The following is the eighth in the series "Personal Branding For A Better Life," in which marketing expert Jim Joseph applies big brand marketing lessons to help you build a successful personal brand.

A marketer’s job is never done. There’s always a new challenge to tackle or a change in the marketplace that requires attention.

Personal branding is much the same. You are a continual work in progress as is your brand, so please don’t get overwhelmed or frustrated. As you continue to grow, new challenges will always come your way.

Life is a journey -- one that is meant to be enjoyed every step along the way. I’d like to think I’m still evolving, trying new things each year. I’ve recently added “empty nester” and “graduate school professor at NYU” to my brand, and I’m embracing every milestone.

No matter where you are in your journey, there’s still more to come. So if you are relatively early in your quest, don’t get overwhelmed. If you’ve been around the block a few times but still don’t have it right, don’t get frustrated. You’ll figure it out.

The process of personal branding is meant to help you be more successful, but only when you do it step-by-step. Hold on tight to your aspirations, learn from your experiences along the way and apply it all to your personal brand. 

The key is to know where you are in your pathway and what else lies in front of you. One of the things big brands do as part of their annual planning process is a gap analysis. This helps guide their marketing strategy.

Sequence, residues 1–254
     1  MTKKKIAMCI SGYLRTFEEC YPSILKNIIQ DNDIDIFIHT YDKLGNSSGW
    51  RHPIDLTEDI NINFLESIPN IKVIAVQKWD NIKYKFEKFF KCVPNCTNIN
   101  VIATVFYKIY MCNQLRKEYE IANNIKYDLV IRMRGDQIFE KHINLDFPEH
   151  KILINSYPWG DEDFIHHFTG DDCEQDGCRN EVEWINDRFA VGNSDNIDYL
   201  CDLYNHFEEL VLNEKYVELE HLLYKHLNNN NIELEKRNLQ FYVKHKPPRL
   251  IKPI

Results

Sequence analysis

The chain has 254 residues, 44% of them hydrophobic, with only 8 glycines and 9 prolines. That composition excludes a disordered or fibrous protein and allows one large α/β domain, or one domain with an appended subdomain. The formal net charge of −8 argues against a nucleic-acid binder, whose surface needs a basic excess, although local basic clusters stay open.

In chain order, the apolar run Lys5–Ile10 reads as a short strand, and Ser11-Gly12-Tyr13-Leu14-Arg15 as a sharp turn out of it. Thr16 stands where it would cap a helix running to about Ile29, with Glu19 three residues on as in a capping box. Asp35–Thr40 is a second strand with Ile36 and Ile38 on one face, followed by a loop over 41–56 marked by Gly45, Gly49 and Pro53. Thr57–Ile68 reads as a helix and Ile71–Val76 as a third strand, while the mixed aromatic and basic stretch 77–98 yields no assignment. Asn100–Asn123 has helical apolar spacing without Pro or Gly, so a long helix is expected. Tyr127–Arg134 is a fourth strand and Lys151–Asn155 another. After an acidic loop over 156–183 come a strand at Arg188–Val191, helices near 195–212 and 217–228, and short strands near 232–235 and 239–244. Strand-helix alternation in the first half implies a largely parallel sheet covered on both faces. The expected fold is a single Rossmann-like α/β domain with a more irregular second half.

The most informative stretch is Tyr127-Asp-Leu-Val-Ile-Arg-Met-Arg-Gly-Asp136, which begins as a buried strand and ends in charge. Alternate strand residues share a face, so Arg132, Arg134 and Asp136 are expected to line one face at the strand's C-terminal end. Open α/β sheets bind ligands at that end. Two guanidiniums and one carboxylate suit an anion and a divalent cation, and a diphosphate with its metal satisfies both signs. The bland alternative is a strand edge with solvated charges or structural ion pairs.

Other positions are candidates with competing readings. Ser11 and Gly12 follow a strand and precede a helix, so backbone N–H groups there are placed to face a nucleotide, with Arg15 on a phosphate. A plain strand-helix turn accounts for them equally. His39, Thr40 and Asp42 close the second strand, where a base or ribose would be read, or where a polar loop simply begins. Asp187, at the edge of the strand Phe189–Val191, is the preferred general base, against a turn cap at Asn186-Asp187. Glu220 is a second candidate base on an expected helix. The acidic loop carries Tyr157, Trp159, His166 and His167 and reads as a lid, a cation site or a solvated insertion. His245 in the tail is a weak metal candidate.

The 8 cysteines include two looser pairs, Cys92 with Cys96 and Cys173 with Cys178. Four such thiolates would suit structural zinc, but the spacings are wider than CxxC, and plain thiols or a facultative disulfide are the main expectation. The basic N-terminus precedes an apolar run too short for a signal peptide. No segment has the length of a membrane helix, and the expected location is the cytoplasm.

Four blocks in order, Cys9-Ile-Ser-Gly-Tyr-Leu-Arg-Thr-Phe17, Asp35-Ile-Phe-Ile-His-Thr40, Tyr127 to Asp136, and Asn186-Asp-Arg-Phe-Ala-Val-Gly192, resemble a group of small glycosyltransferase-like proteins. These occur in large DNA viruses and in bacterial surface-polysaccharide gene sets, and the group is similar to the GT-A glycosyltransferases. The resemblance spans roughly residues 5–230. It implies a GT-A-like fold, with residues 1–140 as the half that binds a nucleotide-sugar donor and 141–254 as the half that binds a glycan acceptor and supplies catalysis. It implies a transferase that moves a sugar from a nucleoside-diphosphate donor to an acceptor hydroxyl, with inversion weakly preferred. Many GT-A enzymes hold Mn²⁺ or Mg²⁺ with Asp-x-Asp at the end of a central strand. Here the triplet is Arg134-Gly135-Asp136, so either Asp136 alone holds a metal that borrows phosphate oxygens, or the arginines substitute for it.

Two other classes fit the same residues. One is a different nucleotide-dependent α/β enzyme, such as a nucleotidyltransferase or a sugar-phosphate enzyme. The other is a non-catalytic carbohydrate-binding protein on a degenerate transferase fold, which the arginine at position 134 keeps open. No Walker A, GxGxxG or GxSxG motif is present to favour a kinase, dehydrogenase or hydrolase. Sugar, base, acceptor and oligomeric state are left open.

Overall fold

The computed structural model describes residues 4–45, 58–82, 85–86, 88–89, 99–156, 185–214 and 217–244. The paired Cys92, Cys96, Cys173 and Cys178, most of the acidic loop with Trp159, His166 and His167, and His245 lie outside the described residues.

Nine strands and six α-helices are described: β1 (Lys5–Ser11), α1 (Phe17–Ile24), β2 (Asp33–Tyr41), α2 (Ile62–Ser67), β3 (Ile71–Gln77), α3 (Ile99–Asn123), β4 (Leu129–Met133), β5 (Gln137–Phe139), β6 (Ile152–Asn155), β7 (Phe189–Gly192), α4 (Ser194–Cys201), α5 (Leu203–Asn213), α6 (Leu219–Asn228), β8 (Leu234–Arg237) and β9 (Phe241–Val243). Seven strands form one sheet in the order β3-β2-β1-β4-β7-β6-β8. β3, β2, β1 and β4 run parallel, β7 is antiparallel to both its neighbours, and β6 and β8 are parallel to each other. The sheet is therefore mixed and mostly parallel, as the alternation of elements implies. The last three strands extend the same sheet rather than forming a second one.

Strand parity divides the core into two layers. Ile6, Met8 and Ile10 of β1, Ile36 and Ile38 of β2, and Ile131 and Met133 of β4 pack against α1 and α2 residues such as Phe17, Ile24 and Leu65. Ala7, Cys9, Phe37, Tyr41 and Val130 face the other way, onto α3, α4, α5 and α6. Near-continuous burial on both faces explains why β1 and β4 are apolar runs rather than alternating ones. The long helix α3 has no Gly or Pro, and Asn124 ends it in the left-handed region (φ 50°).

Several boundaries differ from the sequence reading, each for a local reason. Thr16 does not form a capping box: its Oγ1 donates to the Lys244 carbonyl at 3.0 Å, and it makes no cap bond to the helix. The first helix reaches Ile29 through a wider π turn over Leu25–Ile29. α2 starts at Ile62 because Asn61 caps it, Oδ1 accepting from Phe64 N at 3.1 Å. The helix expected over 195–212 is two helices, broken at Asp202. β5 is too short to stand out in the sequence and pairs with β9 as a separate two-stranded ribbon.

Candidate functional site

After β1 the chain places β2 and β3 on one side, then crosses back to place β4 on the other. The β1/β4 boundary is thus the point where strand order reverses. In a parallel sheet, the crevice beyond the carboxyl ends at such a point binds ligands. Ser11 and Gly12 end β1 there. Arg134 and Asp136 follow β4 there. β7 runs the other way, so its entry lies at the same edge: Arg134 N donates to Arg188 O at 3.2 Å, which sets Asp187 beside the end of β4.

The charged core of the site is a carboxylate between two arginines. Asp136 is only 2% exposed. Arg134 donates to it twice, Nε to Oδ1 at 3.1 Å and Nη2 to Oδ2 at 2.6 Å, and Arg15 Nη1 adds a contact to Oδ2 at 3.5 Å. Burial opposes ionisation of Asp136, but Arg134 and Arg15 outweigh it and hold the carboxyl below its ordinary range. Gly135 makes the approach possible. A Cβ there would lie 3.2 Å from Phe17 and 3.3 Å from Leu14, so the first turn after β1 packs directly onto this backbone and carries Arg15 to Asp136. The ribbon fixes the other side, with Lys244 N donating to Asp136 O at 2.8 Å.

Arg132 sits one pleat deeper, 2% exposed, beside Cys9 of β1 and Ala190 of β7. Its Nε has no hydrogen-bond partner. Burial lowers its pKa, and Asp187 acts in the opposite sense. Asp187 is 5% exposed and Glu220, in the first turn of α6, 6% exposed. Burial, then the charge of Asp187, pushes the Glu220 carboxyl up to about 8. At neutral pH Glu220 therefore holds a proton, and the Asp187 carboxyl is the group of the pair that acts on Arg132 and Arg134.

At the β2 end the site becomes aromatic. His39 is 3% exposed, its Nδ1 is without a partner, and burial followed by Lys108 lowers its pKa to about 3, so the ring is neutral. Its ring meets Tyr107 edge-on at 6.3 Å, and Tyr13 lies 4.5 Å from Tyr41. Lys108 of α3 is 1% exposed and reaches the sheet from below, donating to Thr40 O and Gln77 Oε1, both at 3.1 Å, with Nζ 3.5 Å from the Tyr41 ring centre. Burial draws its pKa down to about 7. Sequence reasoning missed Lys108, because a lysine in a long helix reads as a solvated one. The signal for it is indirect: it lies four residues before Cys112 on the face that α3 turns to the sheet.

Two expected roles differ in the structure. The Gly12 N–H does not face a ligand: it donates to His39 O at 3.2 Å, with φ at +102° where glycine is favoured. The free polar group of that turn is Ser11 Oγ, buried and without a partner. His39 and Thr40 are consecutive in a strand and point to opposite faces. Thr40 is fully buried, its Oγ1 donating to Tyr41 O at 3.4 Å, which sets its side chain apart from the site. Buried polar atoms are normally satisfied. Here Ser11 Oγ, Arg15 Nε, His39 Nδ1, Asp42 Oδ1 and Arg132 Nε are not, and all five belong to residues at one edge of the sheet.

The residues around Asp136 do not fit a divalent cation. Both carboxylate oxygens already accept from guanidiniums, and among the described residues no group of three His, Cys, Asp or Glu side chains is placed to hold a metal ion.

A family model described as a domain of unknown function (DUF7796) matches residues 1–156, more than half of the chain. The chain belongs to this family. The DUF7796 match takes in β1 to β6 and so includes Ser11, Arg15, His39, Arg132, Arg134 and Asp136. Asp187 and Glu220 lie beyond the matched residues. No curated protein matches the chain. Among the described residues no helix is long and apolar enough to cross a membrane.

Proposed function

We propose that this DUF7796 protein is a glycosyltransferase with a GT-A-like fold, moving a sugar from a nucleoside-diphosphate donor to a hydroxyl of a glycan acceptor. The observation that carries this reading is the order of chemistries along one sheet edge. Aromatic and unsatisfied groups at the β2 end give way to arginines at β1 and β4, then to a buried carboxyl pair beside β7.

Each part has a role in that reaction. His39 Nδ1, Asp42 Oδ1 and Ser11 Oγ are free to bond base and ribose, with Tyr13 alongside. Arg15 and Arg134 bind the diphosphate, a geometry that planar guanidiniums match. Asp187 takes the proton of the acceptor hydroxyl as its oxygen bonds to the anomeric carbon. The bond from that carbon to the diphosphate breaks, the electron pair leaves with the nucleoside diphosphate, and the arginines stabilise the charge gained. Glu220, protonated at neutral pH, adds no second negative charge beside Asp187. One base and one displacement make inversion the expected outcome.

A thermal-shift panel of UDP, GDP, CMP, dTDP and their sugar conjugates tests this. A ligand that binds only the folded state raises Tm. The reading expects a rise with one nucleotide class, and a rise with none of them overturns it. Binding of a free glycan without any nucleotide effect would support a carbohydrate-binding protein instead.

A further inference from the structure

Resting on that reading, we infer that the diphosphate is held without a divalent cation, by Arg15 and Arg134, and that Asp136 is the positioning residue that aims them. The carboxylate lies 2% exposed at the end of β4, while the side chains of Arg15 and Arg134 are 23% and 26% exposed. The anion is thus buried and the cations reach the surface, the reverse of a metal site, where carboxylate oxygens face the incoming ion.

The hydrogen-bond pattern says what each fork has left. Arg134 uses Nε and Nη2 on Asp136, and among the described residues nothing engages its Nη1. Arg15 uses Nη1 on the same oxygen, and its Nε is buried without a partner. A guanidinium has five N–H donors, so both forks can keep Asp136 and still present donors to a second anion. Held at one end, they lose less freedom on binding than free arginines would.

Brand managers outline their annual goals over time, nd then list out the assets they will need in order to accomplish those goals. Some of those assets are already in-hand, so they check them off the list. Others are yet to be acquired, so they make it a key part of their plan to gather them in the next year. Others need to be acquired over time, so they are planned accordingly.

Your personal brand gap analysis would do much the same: outline your goals and list out the things you need in order to achieve them. Check off the items you’ve already completed, and make a plan for those you still need to get done.

Sounds simple, right?

It is simple if you stay clearly focused on your goals, not in a manipulative way but in a strategic manner like a big national brand would do.

As you go through life, simply close all the gaps toward accomplishing your goals, gathering all you need for your brand plan. This is how your gap analysis becomes an action plan and to-do list, helping you along your way.

You can use this gap analysis as a way to checklist the items you still need to accomplish, whether that’s continuing your education, getting a promotion at work, meeting a partner or having a more active social life.

As you check these items off, move onto the next in a continual evolution of your brand. This then gives you a path for growth and change over time.

By identifying the gaps in your brand plan, then closing them one by one, you’ll be that much closer to achieving your lifetime goals.